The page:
5. The articles by Dorsey and colleagues and Mobley's group (see Salehi et al., 2006) are particularly relevant to recent findings that our group has generated using human autopsy material to investigate the neurobiological mechanisms underlying cholinotrophic basal forebrain dysfunction during the progression of AD (see review by Counts and Mufson, 2004). Findings derived from autopsy material harvested from people with a premortem clinical diagnosis of non-cognitive impairment, mild cognitive impairment, and AD revealed that subtle alterations or shifts in the balance between proNGF and the high-affinity TrkA receptor for NGF may play a crucial role in the survival of cholinergic neurons during the progression of AD. Shifts in the balance between NGF and its high-affinity receptor may dysregulate pro-survival and initiate apoptotic signaling leading to cholinergic basal forebrain neuronal death. The findings of Dorsey et al. suggest that relatively small imbalances in the physiological levels of TrkB receptor isoforms affect neuronal survival by altering BDNF-induced pro-survival signaling. Together, these findings suggest that the success of exogenous neurotrophin therapy for neurological diseases such as AD may depend upon a fine balance between neurotrophin and receptor interactions.

    Several years ago, it was demonstrated that there is a reduction in retrogradely transported NGF within cholinergic neurons of the nucleus basalis in AD (Mufson and Kordower, 1997). The article by Salehi et al. provides information that APP acts to reduce the retrograde transport of NGF in the cholinergic cortical projection neurons, a process important for their survival and relevant to their selective vulnerability in AD. Moreover, this study links the amyloid hypothesis to cholinergic basal forebrain degeneration and their ultimate demise in AD.

    Together, these observations provide evidence of the complex nature of neurotrophin/receptor as well as defects in neurotrophin retrograde transport as putative functional deficits which ultimately play a role in neuronal survival and death in various disease states. Interestingly, Costantini et al. (2005) showed that a TrkA-to-p75NTR molecular switch activates amyloid-β expression during aging. This novel information demonstrates that subtle shifts in neurotrophin receptor balance not only can affect neuron survival in neurological disease but also during the normal aging process.


    . A TrkA-to-p75NTR molecular switch activates amyloid beta-peptide generation during aging. Biochem J. 2005 Oct 1;391(Pt 1):59-67. PubMed.

    . The role of nerve growth factor receptors in cholinergic basal forebrain degeneration in prodromal Alzheimer disease. J Neuropathol Exp Neurol. 2005 Apr;64(4):263-72. PubMed.

    . In vivo restoration of physiological levels of truncated TrkB.T1 receptor rescues neuronal cell death in a trisomic mouse model. Neuron. 2006 Jul 6;51(1):21-8. PubMed.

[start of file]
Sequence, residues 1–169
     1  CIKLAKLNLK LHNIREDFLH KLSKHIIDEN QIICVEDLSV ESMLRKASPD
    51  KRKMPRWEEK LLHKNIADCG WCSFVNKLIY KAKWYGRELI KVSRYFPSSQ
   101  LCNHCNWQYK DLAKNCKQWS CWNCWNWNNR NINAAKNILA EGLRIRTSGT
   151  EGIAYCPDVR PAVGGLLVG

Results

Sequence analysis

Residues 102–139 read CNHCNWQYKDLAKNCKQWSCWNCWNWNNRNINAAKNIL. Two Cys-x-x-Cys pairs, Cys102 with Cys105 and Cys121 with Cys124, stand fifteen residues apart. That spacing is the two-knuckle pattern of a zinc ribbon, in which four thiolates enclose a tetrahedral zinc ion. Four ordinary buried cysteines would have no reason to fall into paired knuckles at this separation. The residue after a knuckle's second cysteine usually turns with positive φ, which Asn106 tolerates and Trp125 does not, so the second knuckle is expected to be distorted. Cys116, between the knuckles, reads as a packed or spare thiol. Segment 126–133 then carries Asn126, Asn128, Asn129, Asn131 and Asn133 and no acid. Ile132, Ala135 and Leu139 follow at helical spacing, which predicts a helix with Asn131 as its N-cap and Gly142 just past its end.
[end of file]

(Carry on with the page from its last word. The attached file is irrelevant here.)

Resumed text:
. Nerve growth factor in Alzheimer's disease: defective retrograde transport to nucleus basalis. Neuroreport. 1995 May 9;6(7):1063-6. PubMed.

    . Increased App expression in a mouse model of Down's syndrome disrupts NGF transport and causes cholinergic neuron degeneration. Neuron. 2006 Jul 6;51(1):29-42. PubMed.

    View all comments by Elliott Mufson

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News Citations

  1. Varicose Axons: Traffic Jams Precede AD Pathology in Mice, Men
  2. San Diego: Too Much APP Blocks Transport, Starves Down's Neurons
  3. APP Double Dose Causes Early Onset AD

Paper Citations

  1. . Failed retrograde transport of NGF in a mouse model of Down's syndrome: reversal of cholinergic neurodegenerative phenotypes following NGF infusion. Proc Natl Acad Sci U S A. 2001 Aug 28;98(18):10439-44. PubMed.
  2. . BDNF and full-length and truncated TrkB expression in Alzheimer disease. Implications in therapeutic strategies. J Neuropathol Exp Neurol. 1999 Jul;58(7):729-39. PubMed.
  3. . Precursor form of brain-derived neurotrophic factor and mature brain-derived neurotrophic factor are decreased in the pre-clinical stages of Alzheimer's disease. J Neurochem. 2005 Jun;93(6):1412-21. PubMed.

Further Reading

No Available Further Reading

Primary Papers

  1. . BDNF-mediated neurotransmission relies upon a myosin VI motor complex. Nat Neurosci. 2006 Aug;9(8):1009-18. PubMed.
  2. . Increased App expression in a mouse model of Down's syndrome disrupts NGF transport and causes cholinergic neuron degeneration. Neuron. 2006 Jul 6;51(1):29-42. PubMed.
  3. . In vivo restoration of physiological levels of truncated TrkB.T1 receptor rescues neuronal cell death in a trisomic mouse model. Neuron. 2006 Jul 6;51(1):21-8. PubMed.
  4. . Neurotrophins and dementia-keeping in touch. Neuron. 2006 Jul 6;51(1):1-3. PubMed.